Tuesday, 09 July 2024 04:44

Editorial: ECOWAS at a crossroads: Tinubu's second chance

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President Bola Tinubu’s re-election as the chairperson of the Economic Community of West African States (ECOWAS) presents a crucial opportunity to mend the fractures that emerged during his first term. Under his prior leadership, ECOWAS witnessed the unprecedented withdrawal of Niger, Mali, and Burkina Faso, reducing the 15-member bloc to 12 and marking a significant setback for regional unity. This disintegration stemmed from the heavy-handed approach towards these nations, particularly the ill-advised threats of military intervention and sanctions, which ultimately pushed them further away.

Tinubu’s previous stance, characterized by aggressive rhetoric and punitive measures, proved counterproductive. The people of Niger, in particular, rallied behind their military government, viewing the external pressures as a violation of their sovereignty. The resulting sanctions exacerbated the situation, leading to the formal renunciation of ECOWAS membership by Niger, Mali, and Burkina Faso. This episode serves as a critical lesson: the use of force and coercion often undermines diplomatic efforts and regional cohesion.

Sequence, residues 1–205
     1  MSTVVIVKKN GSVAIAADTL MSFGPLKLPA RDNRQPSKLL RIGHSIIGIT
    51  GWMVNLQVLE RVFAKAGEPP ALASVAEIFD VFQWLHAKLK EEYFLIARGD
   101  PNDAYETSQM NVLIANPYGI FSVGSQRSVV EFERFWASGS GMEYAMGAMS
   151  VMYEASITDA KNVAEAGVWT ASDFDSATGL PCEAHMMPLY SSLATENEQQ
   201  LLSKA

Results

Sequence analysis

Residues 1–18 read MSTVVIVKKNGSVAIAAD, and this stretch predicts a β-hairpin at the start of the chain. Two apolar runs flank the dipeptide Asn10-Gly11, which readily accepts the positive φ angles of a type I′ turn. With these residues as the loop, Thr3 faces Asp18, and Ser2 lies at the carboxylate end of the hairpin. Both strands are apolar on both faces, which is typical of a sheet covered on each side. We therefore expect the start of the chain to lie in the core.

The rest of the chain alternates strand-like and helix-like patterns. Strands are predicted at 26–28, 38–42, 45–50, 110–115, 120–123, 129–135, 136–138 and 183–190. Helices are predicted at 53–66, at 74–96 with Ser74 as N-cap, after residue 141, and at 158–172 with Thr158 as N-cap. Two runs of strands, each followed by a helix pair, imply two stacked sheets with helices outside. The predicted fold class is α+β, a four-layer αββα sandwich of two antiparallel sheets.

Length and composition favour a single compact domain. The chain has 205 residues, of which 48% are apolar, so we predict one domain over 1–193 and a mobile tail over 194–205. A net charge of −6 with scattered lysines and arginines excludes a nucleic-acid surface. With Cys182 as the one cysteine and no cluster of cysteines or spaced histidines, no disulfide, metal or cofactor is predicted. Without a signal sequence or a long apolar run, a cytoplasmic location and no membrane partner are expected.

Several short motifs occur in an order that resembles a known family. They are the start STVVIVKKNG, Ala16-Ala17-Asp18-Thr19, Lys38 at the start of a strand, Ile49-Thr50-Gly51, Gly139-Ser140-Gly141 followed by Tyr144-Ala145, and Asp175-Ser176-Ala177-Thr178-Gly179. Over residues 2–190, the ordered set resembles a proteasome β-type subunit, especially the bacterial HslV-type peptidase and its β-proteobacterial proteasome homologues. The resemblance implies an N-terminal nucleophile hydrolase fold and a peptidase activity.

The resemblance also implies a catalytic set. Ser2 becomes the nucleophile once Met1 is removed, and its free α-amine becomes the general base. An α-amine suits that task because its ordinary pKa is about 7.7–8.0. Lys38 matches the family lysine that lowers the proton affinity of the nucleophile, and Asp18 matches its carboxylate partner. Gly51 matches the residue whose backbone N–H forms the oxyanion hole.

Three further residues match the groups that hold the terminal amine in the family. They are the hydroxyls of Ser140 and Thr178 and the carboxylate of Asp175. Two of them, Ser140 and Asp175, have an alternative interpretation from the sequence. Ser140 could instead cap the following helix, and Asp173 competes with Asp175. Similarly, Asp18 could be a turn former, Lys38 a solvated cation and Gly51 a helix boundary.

As Tinubu steps into his second term, it is imperative that he adopts a more conciliatory and inclusive approach. Restoring ECOWAS to its full strength necessitates earnest efforts to re-engage with the aggrieved nations. This begins with acknowledging the legitimate concerns of these countries and initiating dialogue aimed at reconciliation and reintegration. Tinubu must prioritize rebuilding trust and fostering a sense of shared purpose within the community.

Furthermore, Tinubu’s continued advocacy for the establishment of a regional standby force is fraught with risks. The experience with Niger demonstrates the potential misuse of such a force, where powerful member states might employ it to enforce subjective standards on others. Instead of promoting stability, this could lead to further divisions and resentment within the bloc. The focus should shift towards enhancing diplomatic channels, strengthening economic cooperation, and addressing security threats through collaborative, non-military means.

The establishment of the Alliance of Sahel States (AES) by Niger, Mali, and Burkina Faso underscores their resolve to pursue a path independent of ECOWAS. This confederation, born out of shared security challenges and a desire for sovereignty, signals a significant realignment in the region. ECOWAS must recognize and respect this new reality, seeking avenues for cooperation rather than confrontation.

Tinubu’s legacy will be judged by his ability to navigate this complex landscape. He has the opportunity to transform a period of crisis into one of renewal and stronger unity. By prioritizing diplomacy, showing respect for the sovereignty of member states, and fostering inclusive economic development, Tinubu can steer ECOWAS towards a more resilient and cohesive future. The path forward requires humility, wisdom, and a commitment to the founding principles of ECOWAS—principles of cooperation, mutual respect, and collective advancement.

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